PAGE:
one lane to the other, smashing off guard rails on either side, just narrowly missing trees and oncoming traffic.
After 1905, the struggle shifted onto new ground; here symbolized by the terrorist Azef and the Russian prime minister Stolypin. Not many similarities here.
Azef, one-time journalist, salesman, thief, student, engineer, etc., was, in theory, a member-in-good-standing of the Russian socialist revolutionary party. In 1903 he became director of the party's Battle Organization and helped carry out the assassinations of prominent government figures such as the Minister of the Interior, Viacheslav Plehve in 1904 and then the tsar's uncle, the Grand Duke Sergei Alexandrovich in 1905, and Father Gapon in 1906. On the other hand, Azef was on the payroll of the Okhrana, the tsarist secret police and a key informer. Unbelievable! Unclear which side got the better deal. (Only in 1908 was Azef finally un-masked as a police agent.)
But Azef symbolizes the clear turn by Russian radicals to
terror as an instrument to achieve revolution, and the use of terror
dimensions between 1906-1911. True, there were some lulls in its
but then another spate of assassinations would occur. Radicals
were no longer confident that the government or peaceful/legal means
could move Russia in the direction of reform. These
revolutionaries now advocated a radical and complete overthrow of much
of the existing order in Russia and the realization of a socialist
future for the country. The terrorists disdained any governmental
half-measures and wanted Russia to move forward fast to that radical
so what was Stolypin's
vision of Russia. Part 1 was to restore and then maintain order
in the face of public disorder and assassinations. He instituted
military, field court martials to deal with the terror; trial one day,
hanging the next. Thousands died, and the gallows were popularly
called "Stolypin neckties." But Stolypin was not going to give
into terror. Part 2 was to get the parliamentary institutions,
i.e., the Duma, working in a partnership with the government. To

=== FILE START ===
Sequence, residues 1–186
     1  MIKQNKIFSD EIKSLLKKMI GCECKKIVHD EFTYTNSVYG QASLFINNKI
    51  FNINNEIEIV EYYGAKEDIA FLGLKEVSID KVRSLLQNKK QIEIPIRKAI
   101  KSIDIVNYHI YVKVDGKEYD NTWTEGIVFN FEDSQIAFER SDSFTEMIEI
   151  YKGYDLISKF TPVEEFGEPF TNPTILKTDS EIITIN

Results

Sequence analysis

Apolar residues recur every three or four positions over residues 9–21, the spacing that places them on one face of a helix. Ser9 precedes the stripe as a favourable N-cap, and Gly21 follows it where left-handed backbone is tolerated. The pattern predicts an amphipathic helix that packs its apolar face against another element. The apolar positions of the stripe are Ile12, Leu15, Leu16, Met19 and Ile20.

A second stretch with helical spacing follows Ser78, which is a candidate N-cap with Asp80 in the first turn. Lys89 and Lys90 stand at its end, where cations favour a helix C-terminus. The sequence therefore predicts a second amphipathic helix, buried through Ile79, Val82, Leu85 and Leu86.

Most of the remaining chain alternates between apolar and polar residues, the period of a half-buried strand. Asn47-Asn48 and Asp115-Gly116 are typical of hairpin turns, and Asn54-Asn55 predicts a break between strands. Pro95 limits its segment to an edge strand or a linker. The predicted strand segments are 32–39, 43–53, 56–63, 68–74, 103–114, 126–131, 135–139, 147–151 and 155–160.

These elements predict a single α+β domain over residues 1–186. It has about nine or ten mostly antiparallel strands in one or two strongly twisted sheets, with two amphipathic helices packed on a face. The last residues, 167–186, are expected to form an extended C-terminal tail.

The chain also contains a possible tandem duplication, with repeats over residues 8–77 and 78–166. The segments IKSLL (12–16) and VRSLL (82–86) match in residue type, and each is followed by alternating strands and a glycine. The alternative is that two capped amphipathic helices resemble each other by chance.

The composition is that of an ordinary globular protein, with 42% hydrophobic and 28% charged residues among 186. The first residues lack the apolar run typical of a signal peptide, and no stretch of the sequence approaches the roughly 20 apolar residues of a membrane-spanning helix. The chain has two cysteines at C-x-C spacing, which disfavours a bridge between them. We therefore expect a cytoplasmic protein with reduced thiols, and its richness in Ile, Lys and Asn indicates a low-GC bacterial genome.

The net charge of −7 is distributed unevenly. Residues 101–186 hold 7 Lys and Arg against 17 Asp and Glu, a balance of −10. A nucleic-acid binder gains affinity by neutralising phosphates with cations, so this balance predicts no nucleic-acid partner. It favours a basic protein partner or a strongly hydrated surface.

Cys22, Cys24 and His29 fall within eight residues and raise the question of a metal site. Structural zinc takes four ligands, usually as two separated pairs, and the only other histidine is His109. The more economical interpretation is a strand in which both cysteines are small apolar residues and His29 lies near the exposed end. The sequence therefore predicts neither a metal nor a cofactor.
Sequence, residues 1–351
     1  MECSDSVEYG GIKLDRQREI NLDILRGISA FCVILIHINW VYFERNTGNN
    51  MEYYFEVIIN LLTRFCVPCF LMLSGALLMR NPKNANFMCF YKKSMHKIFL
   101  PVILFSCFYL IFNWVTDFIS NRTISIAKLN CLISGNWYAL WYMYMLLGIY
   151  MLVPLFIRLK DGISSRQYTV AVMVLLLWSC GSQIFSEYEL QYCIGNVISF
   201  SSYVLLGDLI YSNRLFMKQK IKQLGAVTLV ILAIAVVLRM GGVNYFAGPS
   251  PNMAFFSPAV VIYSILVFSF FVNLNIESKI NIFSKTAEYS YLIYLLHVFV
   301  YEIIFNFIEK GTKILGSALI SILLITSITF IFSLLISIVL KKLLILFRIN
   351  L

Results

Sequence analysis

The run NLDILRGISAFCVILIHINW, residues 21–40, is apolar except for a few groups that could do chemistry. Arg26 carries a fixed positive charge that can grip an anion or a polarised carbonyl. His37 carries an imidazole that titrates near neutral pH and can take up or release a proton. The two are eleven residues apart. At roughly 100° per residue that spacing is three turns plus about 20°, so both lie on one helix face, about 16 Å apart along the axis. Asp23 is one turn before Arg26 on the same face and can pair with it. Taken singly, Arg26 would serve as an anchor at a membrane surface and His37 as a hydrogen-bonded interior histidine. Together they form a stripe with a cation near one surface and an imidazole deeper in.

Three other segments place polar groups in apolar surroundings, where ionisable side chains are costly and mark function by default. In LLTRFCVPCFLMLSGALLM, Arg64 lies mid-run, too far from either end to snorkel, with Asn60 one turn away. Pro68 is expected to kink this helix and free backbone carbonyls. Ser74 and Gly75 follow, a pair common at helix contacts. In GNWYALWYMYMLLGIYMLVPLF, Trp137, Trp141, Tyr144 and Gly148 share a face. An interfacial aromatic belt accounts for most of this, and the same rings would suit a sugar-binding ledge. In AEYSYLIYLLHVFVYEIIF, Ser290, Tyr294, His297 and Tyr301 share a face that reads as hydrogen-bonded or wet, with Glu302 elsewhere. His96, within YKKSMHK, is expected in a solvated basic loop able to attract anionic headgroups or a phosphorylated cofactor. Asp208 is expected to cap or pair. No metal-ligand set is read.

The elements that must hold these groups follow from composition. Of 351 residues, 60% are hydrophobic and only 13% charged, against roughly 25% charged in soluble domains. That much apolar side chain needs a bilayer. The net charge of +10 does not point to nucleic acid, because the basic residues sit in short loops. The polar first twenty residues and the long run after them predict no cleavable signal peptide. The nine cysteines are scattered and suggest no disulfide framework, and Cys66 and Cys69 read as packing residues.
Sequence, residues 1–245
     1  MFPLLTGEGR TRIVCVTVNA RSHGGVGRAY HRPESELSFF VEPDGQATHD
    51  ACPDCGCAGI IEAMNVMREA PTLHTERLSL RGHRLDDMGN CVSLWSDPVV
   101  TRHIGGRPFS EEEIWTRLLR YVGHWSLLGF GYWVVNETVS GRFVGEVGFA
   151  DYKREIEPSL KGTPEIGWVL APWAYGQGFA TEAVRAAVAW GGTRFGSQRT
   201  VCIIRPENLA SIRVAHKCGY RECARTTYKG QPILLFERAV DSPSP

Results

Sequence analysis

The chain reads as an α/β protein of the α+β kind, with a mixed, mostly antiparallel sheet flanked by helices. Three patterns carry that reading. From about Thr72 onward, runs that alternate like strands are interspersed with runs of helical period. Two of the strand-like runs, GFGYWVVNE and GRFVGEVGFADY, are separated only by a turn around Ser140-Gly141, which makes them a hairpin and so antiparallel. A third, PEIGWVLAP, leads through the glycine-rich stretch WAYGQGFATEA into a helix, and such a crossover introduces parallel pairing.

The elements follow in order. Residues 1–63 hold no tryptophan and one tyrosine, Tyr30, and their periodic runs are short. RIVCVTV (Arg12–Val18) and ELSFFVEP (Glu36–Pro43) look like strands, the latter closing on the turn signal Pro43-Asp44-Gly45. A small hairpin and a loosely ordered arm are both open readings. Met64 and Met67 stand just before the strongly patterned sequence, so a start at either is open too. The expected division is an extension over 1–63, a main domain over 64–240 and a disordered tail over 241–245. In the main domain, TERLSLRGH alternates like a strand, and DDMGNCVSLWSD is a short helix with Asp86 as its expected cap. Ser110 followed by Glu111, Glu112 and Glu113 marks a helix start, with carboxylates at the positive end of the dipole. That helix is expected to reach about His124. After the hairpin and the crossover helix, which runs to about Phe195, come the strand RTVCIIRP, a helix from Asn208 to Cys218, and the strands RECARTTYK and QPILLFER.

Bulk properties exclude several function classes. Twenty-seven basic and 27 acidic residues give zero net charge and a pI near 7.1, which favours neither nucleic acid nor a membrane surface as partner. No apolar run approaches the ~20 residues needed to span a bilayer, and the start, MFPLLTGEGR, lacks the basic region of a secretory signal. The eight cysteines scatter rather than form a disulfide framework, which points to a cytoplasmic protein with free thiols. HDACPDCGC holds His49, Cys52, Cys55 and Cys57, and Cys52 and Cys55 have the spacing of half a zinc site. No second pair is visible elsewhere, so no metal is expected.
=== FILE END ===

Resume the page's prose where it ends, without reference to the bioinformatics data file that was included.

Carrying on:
that end, he "masterminded" the alleged coup d'état of 3 June
the tsar dissolved the Second Duma and then issued a new electoral law,
which effectively disenfranchised most of the Russian population.
This provided a more balanced (read "conservative") Duma that was
supposed to cooperate in Stolypin's reform process. (The change
in the electoral law was illegal; that is why it is often labeled a
coup.) Part 3 was a massive, and far-ranging land reform carried
out by imperial decree (Later the Duma
finally approved.). The reform intended to break up the village
land commune, a system in which the commune owned the land and
parceled out strips of land to individual families to farm
(extraordinarily inefficient). Individual peasants would be able
to withdraw from the commune and consolidate their holdings into a
single, compact farm. Stolypin hoped that this would increase
agricultural productivity and also give peasants a better stake in the
economy. Funds were to be provided to peasants, and peasants were
also encouraged to migrate to Siberia in search of better land.
This was popularly called Stolypin's "Wager on the Strong," but it was
not only aimed at the "strong" and wealthy. Finally, there is
some evidence that Stolypin was preparing further administrative and
organizational reforms before his untimely death.
In some respects, Stolypin symbolizes the continued effort by reform-minded individuals to move Russia in the direction of Europe, i.e., to create a functioning parliamentary system (even though it was a bit on the conservative side), to create a yeoman-based agricultural system (that could also be considered conservative), to diminish the importance, power and prestige of the royal family. Stolypin, like Witte before him, aroused enormous jealousy on the part of his rivals (and they were everywhere; so many had problems with different aspects of hat Stolypin was doing).
So who won round 2? After all, Stolypin himself was assassinated while attending the opera in Kiev in September 1911. Interesting that the assassin--Dmitrii Bogrov was himself a man who had been assigned to protect Stolypin--did not take aim at the tsar at the opera. Disturbances soon returned on a mass scale to Russia; the imperial family concentrated on Rasputin.